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PodCastle 680: Ashwright

Show Notes

Rated PG-13, with a content warning for rituals for the dead, including children.


Ashwright

by Robert Luke Wilkins

 

The plains town still smouldered, its once-strong gates blackened and ruined, but the bandits were long gone. The townsfolk were gathering the bodies of the dead into a great heap, and though he had caught the smell on the air hours earlier, Moran still arrived in time to see them working.

It was easier if he arrived when they were finished.

One of the men threw an infant girl’s body onto the heap, and Moran turned away as he fought down old memories—it was neither the time nor the place. Today was about their grief.

He walked up to the gates, and waited to be invited in. The townsfolk who noticed him at first threw him strange looks, which came as no surprise. He was a tall man, with a warrior’s build—if he were carrying a sword, he could easily have been mistaken for a bandit himself.

But the muscle was as much a tool of his trade as any he carried, and the robes he wore were unmistakable. Unchanged in more than a century, their gray-trimmed white contrasted with his sun-darkened skin—but the silver that had crept into his brown hair matched them well enough. And beneath it, always hidden, he wore a necklace—a single length of thick black cord that held twenty-seven forged steel pendants.

His heavy pack held all he needed to practice his art. His shovel and long-handled sledgehammer were tied together across the top beneath a rolled blanket, and the mighty bronze hammer’s head leaned the entire pack a little sideways. A broad brass pestle and two copper pots were tied beneath with rough brown cord, and they clattered as he walked.

It never took people long to realize who he was—and today was no exception. The whispers grew, crept from mouth to ear, and soon enough the Town Elder came out to meet him.

“You’re Ashwright.”

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PodCastle 679: Pull

Show Notes

Rated PG-13 with a content warning for end of life care.


Pull

by Leah Ning

 

I could already feel her mind tugging at mine from upstairs, a warm, familiar pull that threatened to separate me from my body. Are you there? the pull seemed to ask. Are you coming back?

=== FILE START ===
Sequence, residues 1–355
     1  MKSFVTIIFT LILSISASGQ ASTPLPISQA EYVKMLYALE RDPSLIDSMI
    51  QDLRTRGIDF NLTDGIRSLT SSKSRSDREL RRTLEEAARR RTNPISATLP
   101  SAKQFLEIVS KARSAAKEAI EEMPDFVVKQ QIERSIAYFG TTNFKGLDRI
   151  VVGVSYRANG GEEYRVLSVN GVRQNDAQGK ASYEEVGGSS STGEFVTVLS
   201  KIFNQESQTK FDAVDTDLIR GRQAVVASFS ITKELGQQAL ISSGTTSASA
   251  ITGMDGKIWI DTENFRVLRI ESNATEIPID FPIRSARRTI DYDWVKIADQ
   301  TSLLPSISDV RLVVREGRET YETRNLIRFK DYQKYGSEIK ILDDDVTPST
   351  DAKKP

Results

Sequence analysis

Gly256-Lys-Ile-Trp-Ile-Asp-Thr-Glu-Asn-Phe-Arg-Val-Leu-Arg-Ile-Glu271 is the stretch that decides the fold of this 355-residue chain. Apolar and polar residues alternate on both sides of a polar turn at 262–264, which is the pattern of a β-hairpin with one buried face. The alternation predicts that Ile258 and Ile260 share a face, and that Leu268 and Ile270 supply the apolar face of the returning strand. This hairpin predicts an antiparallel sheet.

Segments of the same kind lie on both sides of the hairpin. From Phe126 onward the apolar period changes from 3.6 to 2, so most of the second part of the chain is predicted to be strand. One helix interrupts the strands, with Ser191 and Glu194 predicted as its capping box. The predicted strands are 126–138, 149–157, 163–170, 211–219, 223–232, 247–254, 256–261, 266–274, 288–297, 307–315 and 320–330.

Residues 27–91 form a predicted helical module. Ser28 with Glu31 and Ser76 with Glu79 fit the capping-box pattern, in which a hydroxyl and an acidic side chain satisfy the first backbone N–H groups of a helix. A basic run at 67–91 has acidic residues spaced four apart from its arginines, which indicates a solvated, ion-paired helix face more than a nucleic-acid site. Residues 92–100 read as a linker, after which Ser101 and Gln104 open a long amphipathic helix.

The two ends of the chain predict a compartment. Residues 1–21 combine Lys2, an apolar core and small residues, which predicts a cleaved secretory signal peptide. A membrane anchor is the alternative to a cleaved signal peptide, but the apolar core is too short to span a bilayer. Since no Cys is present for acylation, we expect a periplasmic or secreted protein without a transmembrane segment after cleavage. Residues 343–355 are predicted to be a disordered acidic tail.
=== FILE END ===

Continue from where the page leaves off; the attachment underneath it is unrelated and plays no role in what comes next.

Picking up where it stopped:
I took her bowl of oatmeal from the microwave and tested it with a finger. It had to be a little cooler than she liked now. She couldn’t blow on it herself anymore.

That tidal pull came again, stronger this time, and I had to close my eyes for a moment to fight it. She was harder to resist now than she ever was. For one thing, she never used to pull this hard. For another, her pull had become the only way she would talk. Words escaped her more often than not now.

When the pull abated, I shuffled up the stairs, dirty white slippers whispering on linoleum that hadn’t been swept in…I couldn’t remember how long.

“I’m here, Amy, I’m coming,” I said when I felt her latch on again. She didn’t let go, but the feeling of building strength faded.

She looked at me from against her mound of pillows, her grey eyes watery. Thin lips nestled in a cacophony of wrinkles I’d watched the hand of time etch across her face.

I sat on the edge of the bed. “Oatmeal.”

She made a face.

“Well, I snuck some maple syrup in there this time. How’s that?”

This delighted her as it did every morning. She let me spoon the oatmeal into her mouth and I chatted idly while she worked it across her tongue and swallowed it. My mouth poured sweetness into her ears while my spoon poured sweetness into her mouth.

When the food was gone, she closed her eyes, smiling.

I didn’t notice her strength gathering again until it was too late. I scrambled for a handhold in my mind. The warmth of her pull cradled me, loosening my hold on myself with gentle mental fingers until I gave in and let go.